Presentation is loading. Please wait.

Presentation is loading. Please wait.

The Great Depression 1929-1941.

Similar presentations

Presentation on theme: "The Great Depression 1929-1941."— Presentation transcript:

1 The Great Depression

2 Prosperity ENDS By the late 1920s, many Americans were involved in stock market trading Problems had been showing that the economy was in trouble, but most people ignored these warnings But some events in late 1929 would forever change the daily lives of all Americans and most of the world

3 October 1929 During 1929 stock prices continued to climb – by Sept the Dow Jones Industrial Average – an average of the stock prices of major industries – had reached an all-time high In Oct, however, stock prices began to fall slightly, causing some banks to “call in” their loans Worried investors began to sell, prices fall

4 The Great Crash President Hoover assured the nation that the problem was not serious, but many investors got scared and sold huge amounts of stocks – driving down prices On Black Tuesday, Oct 29, the stock market collapsed as millions of stocks were sold This truly was the Great Crash!!


6 Ripple Effect By Nov., the Dow Jones had fallen from 381 to – losses totaled $30 billion and this “contraction” period was only part of the nation’s business cycle – a span in which the economy grows then contracts Stock owners were the first to suffer, but the ripple effect quickly carried throughout the economy and impacted daily life for all Americans

7 Daily Lives Affected So how did the Great Crash affect all Americans?? – only a few million were involved in stocks Risky loans hurt banks – businesses couldn’t pay – banks didn’t receive $ Consumer borrowing – consumers borrowed to buy stuff and couldn’t repay their loans

8 Daily Lives Affected Bank runs – fear drove millions to run to their local bank to withdraw – banks had to “call-in” loans to get $$ but people couldn’t pay – banks failed Bank failures – when no $$ from loans and bank runs, thousands closed – by 1932 over 5500 closed


10 Daily Lives Affected Savings wiped out – bank failures wiped out $$ -- by 1933, money of 9 million savings account were gone Cuts in production – businesses could not borrow $$ to produce more and few people had $$ to buy Rise in unemployment – business had to cut back on production – laid off workers – by 1932, 25% no work

11 The Great Depression Further cuts in production – as unemployment grew and incomes shrank, consumers bought less Small businesses and factories closed, and farm prices plummeted The Great Depression, the worst economic downturn in the nation’s history, would last from 1929 to 1941 A ripple effect would spread all over the world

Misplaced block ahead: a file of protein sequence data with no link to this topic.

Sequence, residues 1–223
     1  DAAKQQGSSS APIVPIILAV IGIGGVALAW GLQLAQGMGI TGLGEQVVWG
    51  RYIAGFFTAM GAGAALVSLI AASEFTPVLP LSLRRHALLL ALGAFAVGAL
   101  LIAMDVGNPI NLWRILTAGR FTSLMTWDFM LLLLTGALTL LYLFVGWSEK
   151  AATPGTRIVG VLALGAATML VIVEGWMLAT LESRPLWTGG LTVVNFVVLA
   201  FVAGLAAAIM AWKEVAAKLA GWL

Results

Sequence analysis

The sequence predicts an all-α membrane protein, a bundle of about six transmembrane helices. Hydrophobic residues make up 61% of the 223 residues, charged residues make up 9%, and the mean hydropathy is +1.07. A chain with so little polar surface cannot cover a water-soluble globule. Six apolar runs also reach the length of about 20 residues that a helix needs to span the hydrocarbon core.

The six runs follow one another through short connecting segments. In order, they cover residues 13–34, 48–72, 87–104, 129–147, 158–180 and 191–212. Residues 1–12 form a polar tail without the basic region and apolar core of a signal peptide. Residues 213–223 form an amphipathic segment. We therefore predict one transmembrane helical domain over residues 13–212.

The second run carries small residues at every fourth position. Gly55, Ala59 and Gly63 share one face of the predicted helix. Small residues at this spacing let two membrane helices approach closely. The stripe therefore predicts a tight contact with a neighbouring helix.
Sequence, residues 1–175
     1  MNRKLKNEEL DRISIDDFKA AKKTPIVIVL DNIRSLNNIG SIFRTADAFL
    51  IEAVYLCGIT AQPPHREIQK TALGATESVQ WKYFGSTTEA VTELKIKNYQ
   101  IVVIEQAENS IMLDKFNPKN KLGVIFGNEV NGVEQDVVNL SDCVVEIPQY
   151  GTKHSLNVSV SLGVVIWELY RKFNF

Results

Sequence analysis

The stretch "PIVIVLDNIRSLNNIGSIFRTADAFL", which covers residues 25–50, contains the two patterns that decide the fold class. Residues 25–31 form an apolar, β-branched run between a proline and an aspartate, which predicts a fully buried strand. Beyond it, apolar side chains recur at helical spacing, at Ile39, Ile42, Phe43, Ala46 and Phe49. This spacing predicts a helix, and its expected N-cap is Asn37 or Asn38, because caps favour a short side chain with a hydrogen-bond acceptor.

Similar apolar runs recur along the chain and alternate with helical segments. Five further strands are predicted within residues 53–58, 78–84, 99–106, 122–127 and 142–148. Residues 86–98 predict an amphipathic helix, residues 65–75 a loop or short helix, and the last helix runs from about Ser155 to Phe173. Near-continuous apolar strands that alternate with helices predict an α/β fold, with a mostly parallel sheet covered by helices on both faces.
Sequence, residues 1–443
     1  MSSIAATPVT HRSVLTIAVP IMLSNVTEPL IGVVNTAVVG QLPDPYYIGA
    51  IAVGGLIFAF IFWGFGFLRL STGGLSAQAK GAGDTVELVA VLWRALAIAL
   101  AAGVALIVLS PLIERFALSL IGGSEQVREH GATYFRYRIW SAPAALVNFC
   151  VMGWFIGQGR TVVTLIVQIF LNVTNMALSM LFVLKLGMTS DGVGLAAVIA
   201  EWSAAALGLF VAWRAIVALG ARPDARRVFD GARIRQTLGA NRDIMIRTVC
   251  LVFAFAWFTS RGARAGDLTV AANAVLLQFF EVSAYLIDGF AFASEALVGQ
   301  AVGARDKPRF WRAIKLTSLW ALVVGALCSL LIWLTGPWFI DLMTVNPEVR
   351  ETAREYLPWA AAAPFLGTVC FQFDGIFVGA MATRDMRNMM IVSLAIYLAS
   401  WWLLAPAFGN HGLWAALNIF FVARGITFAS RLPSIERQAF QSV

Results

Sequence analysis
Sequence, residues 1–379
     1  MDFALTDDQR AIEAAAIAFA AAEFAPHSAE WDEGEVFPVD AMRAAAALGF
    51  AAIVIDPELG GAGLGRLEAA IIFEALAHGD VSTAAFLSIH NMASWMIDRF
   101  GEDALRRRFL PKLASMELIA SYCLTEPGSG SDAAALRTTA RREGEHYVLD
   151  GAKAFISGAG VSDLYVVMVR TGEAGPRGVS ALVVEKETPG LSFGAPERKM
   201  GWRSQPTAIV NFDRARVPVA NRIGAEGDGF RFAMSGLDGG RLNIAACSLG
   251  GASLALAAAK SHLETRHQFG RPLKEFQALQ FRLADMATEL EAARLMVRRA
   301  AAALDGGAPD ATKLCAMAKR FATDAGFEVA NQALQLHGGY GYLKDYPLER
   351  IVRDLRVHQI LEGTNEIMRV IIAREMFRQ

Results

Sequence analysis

13 Impact on the World In August 1931, Henry Ford was forced to shut down and fired over 75,000 – This was a sign that bad times were definitely here to stay When the US economy collapsed, the ripple affected other nations that relied on the US for $$ (Germany) The Crash did not cause the Depression, both were results of other serious problems

14 Causes of Great Depression
An Unstable Economy – national wealth was unevenly distributed and industry produced more than could be bought Overspeculation – speculators bought large amounts of stock with borrowed collateral – an item used by a borrower as payment for a loan – the market boom was based on borrowed $$ and optimism

15 Causes of Great Depression
Government Policies – the Federal Reserve limited the money supply to discourage lending – no $$ to help banks or consumers Many Americans thought the Depression would not last – they were wrong and society suffered greatly – especially those who had NOT been involved in stocks

16 Hoovervilles Although many professionals lost their jobs, those at the bottom of society were hardest hit Unemployment and homelessness increased – some homeless built shanty towns called Hoovervilles – mocking President Hoover for not solving the problems



19 Farmers Hit Hard Farm prices hit bottom by 1932 and many farmers lost their farms when they could not repay bank loans In the South, sharecroppers and tenant farmers were thrown off the land and in the Midwest, farmers suffered one of the worst environmental disasters of the 20th century – the Dust Bowl



22 Dust Bowl Prolonged drought and dust storms combined with BAD farming practices helped create the Dust Bowl Plowing methods had ripped up the grass that held the soil in place, and when it turned to dust, it blew away Thousands fled from the Midwest, migrating to California in search of work – relief wouldn’t arrive until 1940s